Semi-automatic rifles able to accept detachable magazines and two or more of the following:
              Folding or telescoping stock
              Pistol grip
              Bayonet mount
              Flash suppressor, or threaded barrel designed to accommodate one
              Grenade launcher (more precisely, a muzzle device that enables launching or firing rifle grenades, though this applies only to muzzle mounted grenade launchers and not those mounted externally).
              Semi-automatic pistols with detachable magazines and two or more of the following:
              Magazine that attaches outside the pistol grip
              Threaded barrel to attach barrel extender, flash suppressor, handgrip, or suppressor
              Barrel shroud that can be used as a hand-hold
              Unloaded weight of 50 oz (1.4 kg) or more
              A semi-automatic version of a fully automatic firearm.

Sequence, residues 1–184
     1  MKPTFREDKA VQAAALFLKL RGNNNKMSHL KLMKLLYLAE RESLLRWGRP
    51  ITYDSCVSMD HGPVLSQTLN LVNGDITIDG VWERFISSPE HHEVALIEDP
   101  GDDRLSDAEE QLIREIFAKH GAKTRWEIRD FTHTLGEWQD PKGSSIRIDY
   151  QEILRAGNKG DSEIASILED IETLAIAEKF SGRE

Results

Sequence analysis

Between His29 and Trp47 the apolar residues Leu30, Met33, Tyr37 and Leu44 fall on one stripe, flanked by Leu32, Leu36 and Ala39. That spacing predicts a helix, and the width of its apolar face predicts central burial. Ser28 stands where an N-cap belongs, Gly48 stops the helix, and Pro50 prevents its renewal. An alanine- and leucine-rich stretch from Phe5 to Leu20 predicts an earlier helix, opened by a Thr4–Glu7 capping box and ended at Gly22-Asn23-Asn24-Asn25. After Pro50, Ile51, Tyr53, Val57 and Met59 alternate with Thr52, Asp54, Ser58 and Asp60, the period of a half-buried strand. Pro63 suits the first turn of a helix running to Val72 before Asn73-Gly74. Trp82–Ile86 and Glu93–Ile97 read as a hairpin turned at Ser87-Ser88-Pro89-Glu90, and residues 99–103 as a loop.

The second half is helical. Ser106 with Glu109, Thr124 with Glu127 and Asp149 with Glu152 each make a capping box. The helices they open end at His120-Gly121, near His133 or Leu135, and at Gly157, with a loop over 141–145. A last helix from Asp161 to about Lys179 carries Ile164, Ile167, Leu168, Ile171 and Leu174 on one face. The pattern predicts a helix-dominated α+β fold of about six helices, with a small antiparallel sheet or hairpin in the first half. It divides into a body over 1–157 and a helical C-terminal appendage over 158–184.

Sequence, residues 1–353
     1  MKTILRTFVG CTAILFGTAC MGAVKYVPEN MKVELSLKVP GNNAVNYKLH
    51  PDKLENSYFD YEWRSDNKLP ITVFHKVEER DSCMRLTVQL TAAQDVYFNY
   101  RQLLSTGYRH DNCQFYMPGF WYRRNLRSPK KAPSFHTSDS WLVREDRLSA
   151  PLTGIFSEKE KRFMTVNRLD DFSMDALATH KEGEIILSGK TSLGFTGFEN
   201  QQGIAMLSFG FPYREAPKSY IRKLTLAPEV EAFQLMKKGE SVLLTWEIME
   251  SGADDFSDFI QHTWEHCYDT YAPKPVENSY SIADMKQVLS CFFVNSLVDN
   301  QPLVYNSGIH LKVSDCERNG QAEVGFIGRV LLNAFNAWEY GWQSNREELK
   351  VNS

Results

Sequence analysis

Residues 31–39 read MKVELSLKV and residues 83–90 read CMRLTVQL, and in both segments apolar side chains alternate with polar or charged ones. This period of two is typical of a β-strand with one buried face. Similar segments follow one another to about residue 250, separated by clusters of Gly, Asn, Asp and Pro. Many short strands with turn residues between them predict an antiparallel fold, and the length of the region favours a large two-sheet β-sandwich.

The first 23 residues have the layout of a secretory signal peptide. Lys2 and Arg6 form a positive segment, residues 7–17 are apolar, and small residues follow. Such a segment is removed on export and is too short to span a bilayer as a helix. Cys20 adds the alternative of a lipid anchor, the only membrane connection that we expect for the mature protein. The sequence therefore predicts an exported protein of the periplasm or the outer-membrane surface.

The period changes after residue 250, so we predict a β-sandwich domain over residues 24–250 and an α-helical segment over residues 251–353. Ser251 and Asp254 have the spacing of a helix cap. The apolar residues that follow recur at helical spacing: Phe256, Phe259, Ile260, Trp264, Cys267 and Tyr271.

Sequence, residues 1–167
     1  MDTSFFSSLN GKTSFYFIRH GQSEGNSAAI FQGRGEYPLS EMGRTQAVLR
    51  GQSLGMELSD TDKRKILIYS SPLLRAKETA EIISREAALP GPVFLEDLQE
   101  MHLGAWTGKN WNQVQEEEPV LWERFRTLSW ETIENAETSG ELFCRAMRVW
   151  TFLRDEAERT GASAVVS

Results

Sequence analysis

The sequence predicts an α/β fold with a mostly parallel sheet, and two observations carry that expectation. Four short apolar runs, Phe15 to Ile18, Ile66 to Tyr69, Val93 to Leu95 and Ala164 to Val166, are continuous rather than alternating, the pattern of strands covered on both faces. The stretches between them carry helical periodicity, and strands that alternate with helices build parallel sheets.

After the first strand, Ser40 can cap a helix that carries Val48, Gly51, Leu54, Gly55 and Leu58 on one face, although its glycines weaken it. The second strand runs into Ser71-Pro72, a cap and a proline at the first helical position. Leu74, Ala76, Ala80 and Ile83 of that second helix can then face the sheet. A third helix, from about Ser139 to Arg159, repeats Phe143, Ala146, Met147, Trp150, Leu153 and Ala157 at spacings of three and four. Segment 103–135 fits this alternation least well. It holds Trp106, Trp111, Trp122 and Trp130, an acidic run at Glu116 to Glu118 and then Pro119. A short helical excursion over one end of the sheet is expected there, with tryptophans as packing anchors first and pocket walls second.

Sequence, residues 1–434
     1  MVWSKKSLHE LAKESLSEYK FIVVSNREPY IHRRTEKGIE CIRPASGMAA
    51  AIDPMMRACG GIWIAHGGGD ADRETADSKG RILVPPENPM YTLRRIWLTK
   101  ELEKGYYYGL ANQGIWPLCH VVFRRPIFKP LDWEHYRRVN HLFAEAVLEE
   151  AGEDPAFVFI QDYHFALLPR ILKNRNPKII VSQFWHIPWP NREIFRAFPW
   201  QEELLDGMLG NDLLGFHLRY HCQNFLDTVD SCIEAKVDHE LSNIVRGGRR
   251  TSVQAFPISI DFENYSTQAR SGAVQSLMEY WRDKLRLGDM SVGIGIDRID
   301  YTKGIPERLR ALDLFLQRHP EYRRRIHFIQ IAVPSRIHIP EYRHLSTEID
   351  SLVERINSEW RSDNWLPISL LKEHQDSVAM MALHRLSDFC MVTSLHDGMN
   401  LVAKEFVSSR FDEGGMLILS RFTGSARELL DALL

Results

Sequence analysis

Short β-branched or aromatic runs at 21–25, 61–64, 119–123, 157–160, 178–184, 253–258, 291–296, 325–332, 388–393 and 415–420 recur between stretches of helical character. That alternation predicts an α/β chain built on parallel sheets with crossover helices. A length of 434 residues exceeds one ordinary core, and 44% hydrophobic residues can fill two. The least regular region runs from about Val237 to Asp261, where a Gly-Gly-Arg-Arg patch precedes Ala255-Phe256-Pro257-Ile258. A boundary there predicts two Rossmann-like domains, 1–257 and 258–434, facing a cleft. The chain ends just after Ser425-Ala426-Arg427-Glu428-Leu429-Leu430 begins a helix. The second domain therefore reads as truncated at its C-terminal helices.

Semi-automatic shotguns with two or more of the following:
              Folding or telescoping stock
              Pistol grip
              Fixed capacity of more than 5 rounds
              Detachable magazine.
              [edit]Provisions of the ban

              The Federal Assault Weapons Ban was only a small part (title XI, subtitle A) of the Violent Crime Control and Law Enforcement Act.
              The Act created a flowchart for classifying 'assault weapons' and subjected firearms that met that classification to regulation. Nineteen models of firearms were defined by name as being 'assault weapons' regardless of how many features they had. Various semi-automatic rifles, pistols, and shotguns were classified as 'assault weapons' due to having various combinations of features.